I’ve had a few major life transitions lately, and my anxiety is at an all time high. I’ve had general anxiety ever since I was a little girl, but its strength and occurrence comes and goes daily. Personally, I do not characterize my anxiety as severe, but it is present to the point where it disrupts my life at times. I am not medicated for my anxiety. My anxiety generally comes from stress, as well as my minor obsessions and compulsions that get in the way of my every day life.
Let me paint you a picture of a typical scenario of when my anxiety has been out of control.
So, I am a relatively tidy person and cannot leave my house until the dishes are done and the laundry is put away. Because of this, I have made myself late to various functions, including school and work, because I have spent my time cleaning and tidying down to the very last minute, even when I knew I had to leave. Then, as I’m driving to school/work in a mad rush going nearly 80 on the highway, I have anxiety that I’m going to get pulled over (or cause an accident.) When I get to school late, my anxiety continues because now I believe that everyone will be looking at me when I walk in the door, and I worry that my professor will be angry at me. I can’t help but think about his possibly anger the entire class period, which makes me more stressed because, at that point, I can’t seem to concentrate on my studies. Sounds incredibly silly, I know. But this is a very real situation for me.
Sometimes, my anxiety is so severe that I feel dizzy and short of breath; it has caused me to burst into tears for no reason and feel tightness in my chest. Anxiety has caused distance between my fiancé and I at times because he doesn’t suffer from it, and doesn’t quite understand it either. But I know so many others have it WAY worse than I do.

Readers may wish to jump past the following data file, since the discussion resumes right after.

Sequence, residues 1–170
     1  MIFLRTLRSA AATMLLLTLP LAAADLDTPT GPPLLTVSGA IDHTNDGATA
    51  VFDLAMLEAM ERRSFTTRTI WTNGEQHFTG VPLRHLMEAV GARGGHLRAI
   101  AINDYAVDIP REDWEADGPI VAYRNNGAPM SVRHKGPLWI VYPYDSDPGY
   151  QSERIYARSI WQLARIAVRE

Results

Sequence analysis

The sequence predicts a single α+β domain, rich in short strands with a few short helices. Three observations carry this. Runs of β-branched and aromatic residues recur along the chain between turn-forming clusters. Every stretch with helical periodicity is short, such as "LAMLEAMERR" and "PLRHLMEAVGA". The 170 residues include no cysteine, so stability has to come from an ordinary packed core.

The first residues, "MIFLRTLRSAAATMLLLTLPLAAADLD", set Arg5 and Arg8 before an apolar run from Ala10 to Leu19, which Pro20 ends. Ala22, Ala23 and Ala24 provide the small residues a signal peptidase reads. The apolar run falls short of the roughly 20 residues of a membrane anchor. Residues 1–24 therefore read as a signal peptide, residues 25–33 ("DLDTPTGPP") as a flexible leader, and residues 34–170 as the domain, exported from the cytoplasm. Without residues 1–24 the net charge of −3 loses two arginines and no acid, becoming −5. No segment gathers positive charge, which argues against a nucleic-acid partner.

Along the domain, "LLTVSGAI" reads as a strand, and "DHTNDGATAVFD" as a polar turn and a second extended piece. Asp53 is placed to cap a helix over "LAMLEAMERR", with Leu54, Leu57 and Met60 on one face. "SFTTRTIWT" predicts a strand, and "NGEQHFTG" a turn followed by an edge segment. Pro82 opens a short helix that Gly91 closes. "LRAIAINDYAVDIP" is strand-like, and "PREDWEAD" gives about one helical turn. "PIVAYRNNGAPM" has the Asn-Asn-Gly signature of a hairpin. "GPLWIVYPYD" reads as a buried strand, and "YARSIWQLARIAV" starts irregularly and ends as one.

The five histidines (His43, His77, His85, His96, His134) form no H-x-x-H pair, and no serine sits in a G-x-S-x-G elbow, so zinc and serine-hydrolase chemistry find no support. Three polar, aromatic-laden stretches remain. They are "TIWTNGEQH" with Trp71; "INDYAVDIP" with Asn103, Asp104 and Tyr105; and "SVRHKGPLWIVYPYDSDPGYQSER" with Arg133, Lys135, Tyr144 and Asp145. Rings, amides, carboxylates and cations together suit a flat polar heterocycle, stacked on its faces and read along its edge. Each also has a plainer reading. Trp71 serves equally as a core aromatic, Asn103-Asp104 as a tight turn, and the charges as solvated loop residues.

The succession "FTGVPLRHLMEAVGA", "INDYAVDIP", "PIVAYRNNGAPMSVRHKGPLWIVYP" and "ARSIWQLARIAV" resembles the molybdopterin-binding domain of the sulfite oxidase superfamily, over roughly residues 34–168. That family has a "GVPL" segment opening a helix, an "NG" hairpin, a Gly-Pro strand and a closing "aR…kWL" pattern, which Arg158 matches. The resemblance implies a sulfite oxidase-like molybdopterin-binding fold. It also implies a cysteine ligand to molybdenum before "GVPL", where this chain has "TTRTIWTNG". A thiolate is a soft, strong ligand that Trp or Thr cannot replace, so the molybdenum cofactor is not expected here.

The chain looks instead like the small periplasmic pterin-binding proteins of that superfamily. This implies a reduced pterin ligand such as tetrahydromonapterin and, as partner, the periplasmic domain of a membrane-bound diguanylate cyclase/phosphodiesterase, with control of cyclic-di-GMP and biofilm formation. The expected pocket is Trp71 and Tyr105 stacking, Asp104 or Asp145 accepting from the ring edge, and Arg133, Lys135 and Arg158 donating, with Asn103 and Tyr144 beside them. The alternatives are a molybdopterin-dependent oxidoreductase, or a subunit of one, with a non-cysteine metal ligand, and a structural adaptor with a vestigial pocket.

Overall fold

Anxiety is horrible, and it’s a very real thing.
It is important to note that everyone’s battle with anxiety is different. My battle may be different from yours, your husband’s, or your child’s. Although I am currently working towards my Master’s in Professional Counseling, I am not yet licensed to legally speak to you about your anxiety. However, I have connections associated with the topic of anxiety, which is why I decided to write today’s post. This is simply an opinion post; what I may want my loved ones to know about my anxiety may be very different from how you feel about your anxiety.
Today, I’m writing about 8 things I wish my loved ones knew my my anxiety and anxiety as a whole.
1.) We can’t help it.
Anxiety isn’t just something we can turn off. Even if we participate in exercises to calm our anxiety, such as deep breathing exercises, speaking with a counselor, or writing our thoughts down on paper, it doesn’t just go away. We cannot just take a magic pill and get rid of our anxiety. We wish we didn’t have it, because it affects our life negatively. It’s hard to manage, and we must learn to live with it.
2.) We don’t need you to fix the problem or tell us we are being irrational, but rather have empathy.